“What’s the Temperature Tomorrow? Increasing Trends in Extreme Volatility of Daily Maximum Temperature in Central and Eastern United States (1950–2019)“, is an analysis released on the Science Direct website this December 2022. The analysis focuses on the behavior of daily maximum temperature volatility in the United States. Volatility, in this analysis, refers to “magnitude of temperature change between two consecutive days”. The aspects of volatility include climatology, seasonality, and directionality (increase vs. decrease).
Mohammed Ombadi and Mark D. Risser, authors of the analysis, discovered an increasing trend of roughly 0.2–0.3 °C/decade in the magnitude of volatility within the Central United States. However, this statistically significant trend was not supported by all the datasets that were analyzed.
Research Method and Design
The daily climate records used in the analysis contained observations from the years 1950- 2019. Only years with less than 5% missing data were taken into consideration to ensure that observations accurately portrayed seasonal variability for each year.
The authors of the study used five datasets in this analysis: GHCNd, GHCN-homogenized, Livneh daily CONUS near-surface gridded meteorological dataset, ERA5, and NOAA20CR. The 1,484 ground station observations from the Global historical climatology network daily (GHCNd). The GHCNd is a mixed database of daily climate summaries recorded and taken from land surface stations around the world. The so-called GHCN-homogenized is a “homogenized” version of the GHCNd dataset. The GHCN-homogenized data accounts for all possible non-climatic sources of data inconsistency, such as station location differences or observation practices. There were 1,839 stations in the GHCN-homogenized dataset. The third dataset used in this analysis is the Livneh daily CONUS near-surface gridded meteorological dataset, which was compared against the outcomes taken from GHCNd. Both the ERA5 and NOAA20CR combine data numerical weather prediction and observations by using data assimilation systems. The ERA5 and NOAA20CR also have greater spatial and temporal extents than GHCNd.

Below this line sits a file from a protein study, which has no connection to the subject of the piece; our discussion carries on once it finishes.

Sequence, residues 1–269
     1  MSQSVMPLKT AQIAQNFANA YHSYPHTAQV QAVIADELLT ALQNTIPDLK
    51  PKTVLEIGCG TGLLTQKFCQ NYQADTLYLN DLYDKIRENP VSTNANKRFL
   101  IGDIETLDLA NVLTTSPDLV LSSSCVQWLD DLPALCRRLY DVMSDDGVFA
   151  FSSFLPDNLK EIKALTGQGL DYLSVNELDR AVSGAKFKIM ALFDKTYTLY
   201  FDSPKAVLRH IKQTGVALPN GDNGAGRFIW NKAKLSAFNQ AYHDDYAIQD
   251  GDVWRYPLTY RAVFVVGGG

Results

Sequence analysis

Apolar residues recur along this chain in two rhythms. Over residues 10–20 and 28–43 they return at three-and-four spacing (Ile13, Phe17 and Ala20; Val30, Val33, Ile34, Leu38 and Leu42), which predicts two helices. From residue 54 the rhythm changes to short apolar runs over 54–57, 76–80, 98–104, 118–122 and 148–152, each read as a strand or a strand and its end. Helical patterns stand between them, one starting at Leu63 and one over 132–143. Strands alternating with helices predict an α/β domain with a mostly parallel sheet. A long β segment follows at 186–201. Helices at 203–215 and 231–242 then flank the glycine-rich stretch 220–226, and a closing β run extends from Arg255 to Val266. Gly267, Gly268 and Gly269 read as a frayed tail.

According to the analysis’ concluding remarks, “results from trend analysis indicate that most stations (>50%) in climate divisions of Upper Midwest, South and Southwestern exhibit increasing trends in Vmax‾ (the 95th percentile of absolute difference in temperature between two consecutive days) ranging from 0.2 to 0.3 °C.” However, ERA5 and NOAA 20CR show much smaller values for daily maximum temperature volatilities by 25% and 49% compared to GHCN datasets. In other words, the two reanalysis datasets failed to reproduce the observed trends.
The appearance of “extreme volatilities” was determined by the time of year and region being observed. For example, extreme volatilities primarily occur during April, May, and June in the Western United States. During December, January, and February, volatilities peaked on the east side of the Rocky Mountains. In the Great Lakes region, March, April, and May spring months show the most extreme volatilities.